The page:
Torres del Paine and Chile’s famous W Trek
Is it possible to have too many exceptional experiences? Surely we’re going to max out on some invisible quota at this rate! We followed up our amazing Antarctic adventure with a four-day, 45-mile* hike through Torres del Paine National Park in Chilean Patagonia. The trail we took is called the “W Trek” because it’s literally in the shape of the letter “W” (and there’s a longer trail called the “O Circuit” which includes the “W” portion). While Eagle Scout Justin was a seasoned hiker, Minh had never attempted a multi-day trek before and certainly not while carrying a travel backpack. Both of us survived in one piece, though, and were rewarded the entire way with a truly spectacular and varied landscape.
The trail itself and long distance turned out to be not all that difficult–the challenge came in the unpredictability of the weather. It’s quite common to experience all four seasons in a single day (like in Iceland), from a mild autumn breeze to beating hot sun to an icy hail storm, aka: our “Day One.” Then there are the sudden and powerful winds that had us facing gusts of up to 65 mph at times. We heeded the advice of others and simply crouched down for a moment before continuing on, being mindful not to let our belongings get swept away. Overall, we felt fortunate weather-wise for somehow managing to be indoors for the times it was torrential downpour and getting a clear view of Las Torres (the three peaks featured in the postcard) on our last day.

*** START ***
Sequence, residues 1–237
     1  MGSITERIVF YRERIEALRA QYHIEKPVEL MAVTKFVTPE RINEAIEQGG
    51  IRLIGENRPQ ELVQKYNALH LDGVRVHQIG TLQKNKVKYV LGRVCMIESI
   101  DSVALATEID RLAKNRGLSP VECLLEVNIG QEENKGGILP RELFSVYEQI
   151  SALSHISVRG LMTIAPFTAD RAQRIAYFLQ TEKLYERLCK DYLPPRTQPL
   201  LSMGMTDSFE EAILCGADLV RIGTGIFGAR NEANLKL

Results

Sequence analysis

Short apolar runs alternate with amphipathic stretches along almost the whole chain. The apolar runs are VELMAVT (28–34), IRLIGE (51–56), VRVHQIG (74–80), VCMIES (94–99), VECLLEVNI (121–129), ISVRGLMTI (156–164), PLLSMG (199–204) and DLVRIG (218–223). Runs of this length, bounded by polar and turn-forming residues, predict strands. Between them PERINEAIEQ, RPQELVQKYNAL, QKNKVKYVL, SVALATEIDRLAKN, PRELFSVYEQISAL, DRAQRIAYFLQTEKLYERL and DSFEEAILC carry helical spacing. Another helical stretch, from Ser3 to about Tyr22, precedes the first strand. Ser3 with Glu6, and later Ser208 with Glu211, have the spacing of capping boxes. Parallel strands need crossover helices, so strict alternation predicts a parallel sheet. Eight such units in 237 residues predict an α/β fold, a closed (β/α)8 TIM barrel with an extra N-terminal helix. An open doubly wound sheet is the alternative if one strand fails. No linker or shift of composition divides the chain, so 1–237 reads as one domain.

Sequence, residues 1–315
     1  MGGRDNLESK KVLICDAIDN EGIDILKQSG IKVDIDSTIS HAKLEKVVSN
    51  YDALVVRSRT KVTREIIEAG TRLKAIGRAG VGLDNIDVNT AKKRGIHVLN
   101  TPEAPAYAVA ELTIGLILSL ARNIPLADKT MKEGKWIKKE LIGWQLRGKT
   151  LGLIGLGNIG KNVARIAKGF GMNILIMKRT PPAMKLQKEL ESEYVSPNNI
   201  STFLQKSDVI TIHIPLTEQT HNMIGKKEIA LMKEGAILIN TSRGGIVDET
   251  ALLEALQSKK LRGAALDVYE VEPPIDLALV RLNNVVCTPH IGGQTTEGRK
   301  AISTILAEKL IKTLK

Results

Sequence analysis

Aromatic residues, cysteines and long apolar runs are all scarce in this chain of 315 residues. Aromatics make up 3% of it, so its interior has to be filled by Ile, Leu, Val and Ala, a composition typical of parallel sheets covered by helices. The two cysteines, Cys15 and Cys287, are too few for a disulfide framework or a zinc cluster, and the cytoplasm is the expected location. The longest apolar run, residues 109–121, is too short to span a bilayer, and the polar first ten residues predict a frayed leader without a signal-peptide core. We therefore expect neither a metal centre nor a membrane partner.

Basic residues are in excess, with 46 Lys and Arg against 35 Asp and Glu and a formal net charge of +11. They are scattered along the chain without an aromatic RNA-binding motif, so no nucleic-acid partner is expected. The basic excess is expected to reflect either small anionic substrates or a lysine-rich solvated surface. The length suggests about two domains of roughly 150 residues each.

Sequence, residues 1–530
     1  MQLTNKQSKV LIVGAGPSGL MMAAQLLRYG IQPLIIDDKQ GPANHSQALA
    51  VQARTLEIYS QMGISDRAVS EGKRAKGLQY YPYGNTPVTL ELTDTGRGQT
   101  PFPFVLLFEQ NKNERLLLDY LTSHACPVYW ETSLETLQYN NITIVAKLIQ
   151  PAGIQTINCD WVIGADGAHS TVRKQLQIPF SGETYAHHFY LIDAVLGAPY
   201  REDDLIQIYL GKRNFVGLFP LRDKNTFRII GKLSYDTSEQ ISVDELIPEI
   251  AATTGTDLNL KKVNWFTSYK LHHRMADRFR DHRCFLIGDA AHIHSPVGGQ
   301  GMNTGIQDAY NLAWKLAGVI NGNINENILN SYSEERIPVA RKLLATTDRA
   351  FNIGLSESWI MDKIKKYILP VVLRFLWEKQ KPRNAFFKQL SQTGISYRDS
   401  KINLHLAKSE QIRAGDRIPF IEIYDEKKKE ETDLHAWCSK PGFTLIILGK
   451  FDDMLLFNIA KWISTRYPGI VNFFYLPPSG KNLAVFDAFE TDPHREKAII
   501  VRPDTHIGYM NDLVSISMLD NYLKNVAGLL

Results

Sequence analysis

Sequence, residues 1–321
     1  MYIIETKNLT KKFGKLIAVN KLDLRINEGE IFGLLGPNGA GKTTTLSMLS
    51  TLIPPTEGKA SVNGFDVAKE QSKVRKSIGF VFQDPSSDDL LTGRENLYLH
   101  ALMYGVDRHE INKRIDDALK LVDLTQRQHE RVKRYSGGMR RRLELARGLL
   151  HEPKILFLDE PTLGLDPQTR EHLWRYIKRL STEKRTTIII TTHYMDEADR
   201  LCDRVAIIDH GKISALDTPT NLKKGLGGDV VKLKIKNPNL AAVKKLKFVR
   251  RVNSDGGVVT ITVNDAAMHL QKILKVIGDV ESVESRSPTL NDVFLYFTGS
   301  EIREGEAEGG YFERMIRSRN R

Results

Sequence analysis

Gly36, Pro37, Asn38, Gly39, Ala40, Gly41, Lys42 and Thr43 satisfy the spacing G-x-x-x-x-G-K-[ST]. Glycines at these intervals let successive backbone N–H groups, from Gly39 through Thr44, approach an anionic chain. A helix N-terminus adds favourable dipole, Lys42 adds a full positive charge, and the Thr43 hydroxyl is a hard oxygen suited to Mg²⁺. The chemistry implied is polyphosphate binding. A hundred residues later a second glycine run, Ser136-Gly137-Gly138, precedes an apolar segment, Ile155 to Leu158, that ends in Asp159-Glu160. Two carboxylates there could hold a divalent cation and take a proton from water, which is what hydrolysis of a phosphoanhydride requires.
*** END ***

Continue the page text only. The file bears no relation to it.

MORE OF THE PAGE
Although we hope to put together a “How to hike the W Trek” post, detailing where to sleep each night, what equipment to bring, etc., we’ll say now for our American friends that before you book a trip down to Southern Chile, make sure you’ve already been to places like Yosemite, Grand Canyon and Yellowstone. You can definitely get the same “wow” factor by visiting our own National Parks. But when you’re thirsty for more, the W Trek should no doubt be on your short list of incredible nature sites to visit.
*The full W Trek is 50 miles, but we cut it a little short by only going up to the first viewpoint in the French Valley (the middle tip of the “W”). Other hikers suggested that was a good turn-around point.